1.  Postponing reconciliation with God is not a good idea.  The Lord, through His Church, has made it so easy - The Sacrament of Penance.  We can all come up with a dozen excuses why we will put off Confession, even when the parable tells us that we can't put it off forever.  Time does run out.  Before he converted to the Faith, St. Augustine said, "I want to be a saint, but not just yet."  This cannot be our attitude.  Scripture says, "Now is the acceptable time!"

2.  We need to exercise a gift that we received at baptism:  the gift of the Holy Spirit known as Fear of the Lord.  this gift is not a purely natural, servile fear whereby we worry that if we sin, God is going to annihilate us.  Rather, this gift is the wholesome awareness of spiritual danger - a reverence for the power and the justice of God.  This awareness should move us to want to reconcile with God and the Church through the Sacrament of Penance.  Remaining in a state of serious sin is a grave spiritual danger and this gift of the Holy Spirit helps us to recognize that fact.  Moreover, this gift of Fear of the Lord inspires us not to want to offend God by our sins due to a reverence for Him and His law.

3.  To put it bluntly, hell is a real place and people go there.  Our Lord mentions it regularly in the four Gospels and assures us that condemnation awaits those who do not cooperate with God's plan.  I am amazed at the number of Catholics who believe that hell does not exist.  St. Padre Pio is quoted as having once told a man who didn't believe in hell that, "You'll believe it when you get there!"  Maybe one of the greatest tricks that the devil has played on man is to convince him that he doesn't exist.  Similarly, we should not presume that everyone goes to heaven.  The door to heaven is called "the narrow gate" by our Lord, and St. Paul continually exhorts us to work anxiously for our salvation.  If heaven were guaranteed for all of us, then why would our Lord and St. Paul give us strong indications that there are in fact no guarantees of salvation for every person?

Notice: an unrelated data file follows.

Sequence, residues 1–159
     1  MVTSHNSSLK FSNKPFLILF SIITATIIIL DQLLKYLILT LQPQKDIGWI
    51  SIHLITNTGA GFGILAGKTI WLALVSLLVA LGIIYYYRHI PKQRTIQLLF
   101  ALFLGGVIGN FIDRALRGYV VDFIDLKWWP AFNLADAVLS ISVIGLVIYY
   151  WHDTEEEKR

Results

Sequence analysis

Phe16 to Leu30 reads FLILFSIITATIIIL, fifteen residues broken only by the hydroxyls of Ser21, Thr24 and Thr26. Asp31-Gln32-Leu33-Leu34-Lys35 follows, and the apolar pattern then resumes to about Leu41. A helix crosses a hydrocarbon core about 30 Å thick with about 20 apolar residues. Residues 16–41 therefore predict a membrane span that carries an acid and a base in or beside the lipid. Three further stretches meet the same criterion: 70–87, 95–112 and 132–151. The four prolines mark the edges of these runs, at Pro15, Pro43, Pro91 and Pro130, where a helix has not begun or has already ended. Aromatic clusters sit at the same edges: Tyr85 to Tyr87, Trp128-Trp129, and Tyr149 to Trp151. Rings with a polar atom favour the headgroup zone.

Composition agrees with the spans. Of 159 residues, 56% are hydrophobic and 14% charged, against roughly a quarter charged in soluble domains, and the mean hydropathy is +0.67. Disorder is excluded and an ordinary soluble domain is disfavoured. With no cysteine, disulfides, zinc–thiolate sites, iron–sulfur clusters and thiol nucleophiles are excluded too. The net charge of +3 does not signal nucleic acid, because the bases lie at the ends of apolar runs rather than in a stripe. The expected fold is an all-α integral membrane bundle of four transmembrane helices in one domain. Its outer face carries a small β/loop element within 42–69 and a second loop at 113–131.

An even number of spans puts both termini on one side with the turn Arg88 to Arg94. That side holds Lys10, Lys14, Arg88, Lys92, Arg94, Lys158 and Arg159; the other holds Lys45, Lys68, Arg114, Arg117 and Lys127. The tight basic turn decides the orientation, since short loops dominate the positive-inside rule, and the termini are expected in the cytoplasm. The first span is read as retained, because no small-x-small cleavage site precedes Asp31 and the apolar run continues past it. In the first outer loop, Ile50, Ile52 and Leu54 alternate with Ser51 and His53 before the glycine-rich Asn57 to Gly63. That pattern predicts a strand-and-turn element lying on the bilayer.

4.  Lastly, God expects us to be fruitful in our lives.  Notice that in the parable, the gardener places the fig tree's fruitfulness as a condition for it being spared.  The gardener is willing to work with the fig tree, but he won't keep the tree at all costs.  Similarly, we must bear fruit in our lives - we must have something to show for at the end, when we make an accounting in front of the orchard owner.  It is not enough to work to secure our own salvation - we need to take others with us as well.

Finally, you may be wondering about the references to the Galileans who were murdered by Pilate or the eighteen people killed in a tower accident at Siloam.  Our Lord warns us that while these incidents were not punishment for sins, sins are nevertheless subject to punishment.  So, even if we are not motivated to come to Confession due to the gift of the Fear of the Lord, fear of punishment may be enough to move us to repentance.

Let us pray that many people come to Confession this Lent - where God's mercy reigns supreme; where sinners are healed and reconciled to God; and where penitents find the courage and strength to begin anew, full of the hope that with Christ, all things (especially a life of virtue) is possible.

Praised be Jesus Christ!  Now and forever!